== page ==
What is dehydration? How does it happen during cool weather?
I like this simple definition from the Mayo Clinic: “Dehydration occurs when you use or lose more fluid than you take in, and your body doesn’t have enough water and other fluids to carry out its normal functions. If you don’t replace lost fluids, you will get dehydrated.”
With cool weather, dehydration is sneaky. We’re still losing the normal water through sweating, bathroom breaks, and breathing, and this happens even when the weather is cool. We just notice it less.
We’re also adding more warmth to combat the cold, depleting liquids further by sweating (even though slowly) under those layers of coats, blankets, and hats. And then there is the heating system. Our HVAC systems actually pull moisture from our skin and bodies.
Then, there’s your body’s individual predispositions, like you’ve got a mild stomach bug or fever, and you’re losing more liquid during those bathroom breaks and night sweats. Age, pregnancy, and even menstruation change how our bodies use and retain water. I’d recommend clicking through this article (14 Surprising Causes of Dehydration)
The Practical Side of Staying Hydrated
There are many articles highlighting the effects of not having enough water. But I want to focus on the practical specifics that are often overlooked.
- Your concentration and thinking aren’t right. More and more research is showing how lack of water can create brain fog and affect memory.
- Your skin is dull and wrinkled. A lack of water affects your largest organ. Your skin might be screaming for liquids. Learn more with this article: How to Tell If Your Skin Is Dry or Dehydrated, According to Experts.
- You’re constipated. Yep, that is right. “Dehydration is one of the most common causes of chronic constipation. The food you eat makes its way from your stomach to the large intestine, or colon. If you don’t have enough water in your body already, the large intestine soaks up water from your food waste. This makes you have hard stools that are difficult to pass,” states this WebMD.com article.
- You’re working harder to breathe. This can surprise people, but just think, dehydration can increase irritation and inflammation, which is the last issue you need to deal with when you have allergies, asthma, lots of mucus, a deviated septum, and so on. As we enter flu season, hydration is especially important for those with chronic breathing issues. This New York Times article states, “Drinking fluids will diminish your headache and also bolster your immune response because your protein soldiers are conveyed via bodily fluids. Dehydration hampers their movement. It’s one reason people tend to want soup when they’re sick and may crave watery fruits like citrus and melon.”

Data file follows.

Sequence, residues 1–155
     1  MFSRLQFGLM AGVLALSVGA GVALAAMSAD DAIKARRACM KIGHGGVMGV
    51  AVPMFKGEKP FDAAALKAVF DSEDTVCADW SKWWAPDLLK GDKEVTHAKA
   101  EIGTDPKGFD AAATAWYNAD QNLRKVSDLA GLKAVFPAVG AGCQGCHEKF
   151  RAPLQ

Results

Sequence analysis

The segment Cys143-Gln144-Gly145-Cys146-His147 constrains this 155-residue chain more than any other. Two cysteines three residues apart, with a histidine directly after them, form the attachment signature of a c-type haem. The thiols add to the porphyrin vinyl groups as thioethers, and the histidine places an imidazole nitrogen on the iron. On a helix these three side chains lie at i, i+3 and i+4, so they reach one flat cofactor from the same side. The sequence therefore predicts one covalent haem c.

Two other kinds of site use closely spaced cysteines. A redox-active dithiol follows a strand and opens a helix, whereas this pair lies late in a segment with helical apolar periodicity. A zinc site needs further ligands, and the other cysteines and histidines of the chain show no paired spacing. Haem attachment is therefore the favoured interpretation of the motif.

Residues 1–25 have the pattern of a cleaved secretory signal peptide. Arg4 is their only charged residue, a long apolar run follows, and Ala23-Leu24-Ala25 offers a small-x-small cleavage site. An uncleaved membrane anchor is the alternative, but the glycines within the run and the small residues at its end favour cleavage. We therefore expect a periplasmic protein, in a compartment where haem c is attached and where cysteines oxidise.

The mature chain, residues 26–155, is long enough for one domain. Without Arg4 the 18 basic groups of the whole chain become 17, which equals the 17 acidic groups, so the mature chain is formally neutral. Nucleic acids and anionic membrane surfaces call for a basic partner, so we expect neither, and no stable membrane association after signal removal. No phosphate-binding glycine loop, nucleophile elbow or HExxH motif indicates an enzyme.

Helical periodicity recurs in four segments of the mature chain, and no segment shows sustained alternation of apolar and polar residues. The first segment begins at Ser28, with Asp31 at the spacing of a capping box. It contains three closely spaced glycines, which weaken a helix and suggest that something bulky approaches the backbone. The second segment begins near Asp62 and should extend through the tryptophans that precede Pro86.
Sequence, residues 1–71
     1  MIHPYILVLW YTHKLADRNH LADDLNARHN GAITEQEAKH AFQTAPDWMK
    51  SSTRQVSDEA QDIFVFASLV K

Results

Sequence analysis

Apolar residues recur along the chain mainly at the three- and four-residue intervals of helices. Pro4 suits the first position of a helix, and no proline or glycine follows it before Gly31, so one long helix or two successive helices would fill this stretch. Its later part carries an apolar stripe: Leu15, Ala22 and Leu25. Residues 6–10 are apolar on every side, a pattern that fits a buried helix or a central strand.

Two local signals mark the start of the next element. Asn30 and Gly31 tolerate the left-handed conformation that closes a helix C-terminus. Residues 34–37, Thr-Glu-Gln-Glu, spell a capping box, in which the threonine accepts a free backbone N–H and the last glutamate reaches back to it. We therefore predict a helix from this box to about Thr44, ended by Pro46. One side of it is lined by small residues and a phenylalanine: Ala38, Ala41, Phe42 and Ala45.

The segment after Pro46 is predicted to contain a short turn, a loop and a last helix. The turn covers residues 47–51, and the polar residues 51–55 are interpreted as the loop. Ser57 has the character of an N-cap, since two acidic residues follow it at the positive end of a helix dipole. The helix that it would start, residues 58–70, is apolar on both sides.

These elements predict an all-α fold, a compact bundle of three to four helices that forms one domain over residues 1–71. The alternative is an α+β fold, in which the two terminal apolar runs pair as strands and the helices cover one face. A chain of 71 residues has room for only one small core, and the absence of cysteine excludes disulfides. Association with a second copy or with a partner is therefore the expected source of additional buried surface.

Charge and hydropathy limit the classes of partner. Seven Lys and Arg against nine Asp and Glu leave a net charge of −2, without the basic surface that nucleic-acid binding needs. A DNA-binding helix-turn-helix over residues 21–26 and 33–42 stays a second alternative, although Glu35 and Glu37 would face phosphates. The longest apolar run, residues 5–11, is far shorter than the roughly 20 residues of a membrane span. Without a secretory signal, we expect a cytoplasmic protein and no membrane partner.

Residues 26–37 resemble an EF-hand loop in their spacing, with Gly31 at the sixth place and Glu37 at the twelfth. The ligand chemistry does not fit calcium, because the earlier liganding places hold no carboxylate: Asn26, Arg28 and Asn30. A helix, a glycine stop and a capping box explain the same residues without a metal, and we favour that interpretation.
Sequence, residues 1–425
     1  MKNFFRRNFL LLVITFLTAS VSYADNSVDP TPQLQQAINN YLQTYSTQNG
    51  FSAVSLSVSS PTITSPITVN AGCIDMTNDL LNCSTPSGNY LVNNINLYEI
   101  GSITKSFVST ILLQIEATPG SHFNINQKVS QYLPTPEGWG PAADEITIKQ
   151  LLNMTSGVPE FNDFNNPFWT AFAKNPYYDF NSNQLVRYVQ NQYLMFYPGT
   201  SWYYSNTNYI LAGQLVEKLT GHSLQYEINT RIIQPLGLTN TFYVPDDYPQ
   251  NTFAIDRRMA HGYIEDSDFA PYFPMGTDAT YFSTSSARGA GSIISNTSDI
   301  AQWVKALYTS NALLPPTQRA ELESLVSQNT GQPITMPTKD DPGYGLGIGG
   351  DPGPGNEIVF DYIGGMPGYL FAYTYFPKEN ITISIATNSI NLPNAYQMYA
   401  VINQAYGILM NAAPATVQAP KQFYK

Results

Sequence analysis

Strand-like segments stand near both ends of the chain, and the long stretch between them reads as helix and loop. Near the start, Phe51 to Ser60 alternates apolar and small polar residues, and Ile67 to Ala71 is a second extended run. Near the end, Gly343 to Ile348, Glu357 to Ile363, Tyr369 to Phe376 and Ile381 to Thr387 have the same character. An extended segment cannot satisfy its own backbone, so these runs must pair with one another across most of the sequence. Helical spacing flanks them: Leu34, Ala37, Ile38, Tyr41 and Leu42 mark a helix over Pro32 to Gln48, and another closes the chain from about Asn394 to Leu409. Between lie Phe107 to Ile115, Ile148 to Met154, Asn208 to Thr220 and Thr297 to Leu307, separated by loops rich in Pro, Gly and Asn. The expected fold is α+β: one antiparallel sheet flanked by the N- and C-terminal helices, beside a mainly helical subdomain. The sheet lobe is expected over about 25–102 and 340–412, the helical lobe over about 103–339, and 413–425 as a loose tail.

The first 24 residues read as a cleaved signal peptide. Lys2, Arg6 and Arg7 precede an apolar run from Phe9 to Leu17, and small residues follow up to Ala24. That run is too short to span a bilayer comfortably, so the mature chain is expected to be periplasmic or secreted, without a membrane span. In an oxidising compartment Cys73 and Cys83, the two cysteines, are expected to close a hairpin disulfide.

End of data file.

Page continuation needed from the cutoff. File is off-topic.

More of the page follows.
- You’re convinced you’re hungry. From a 2017 Seattle Times article by a registered dietitian: “In one recent study, individuals responded ‘appropriately’ by drinking water when they were thirsty but not hungry only 2 percent of the time. They responded ‘inappropriately’ 62 percent of the time.” Grab that water before eating! You may find you eat less this holiday season if you stay hydrated!
- You’ve got a worse hangover than expected. With the holiday gatherings starting to fill our calendars, staying ahead of the game would be wise. While this Smithsonian article dives into details, the quick takeaway is that dehydration plays a role in hangovers. Studies are still looking into specifics, but what you can know: 1) alcohol is a diuretic and often people who are consuming alcohol are not consuming water to replace the loss of fluid and 2) if you’re starting your evening of dinner and drinks with friends by already being dehydrated, you’re only going to amp up those hangover effects.
There are copious reasons to drink more water. A daily rule of thumb: Drink half your weight in ounces daily, and if you feel like you need to drink water, drink more!
Have questions on how to add more liquids to your daily routine? Give me a call, and let’s talk.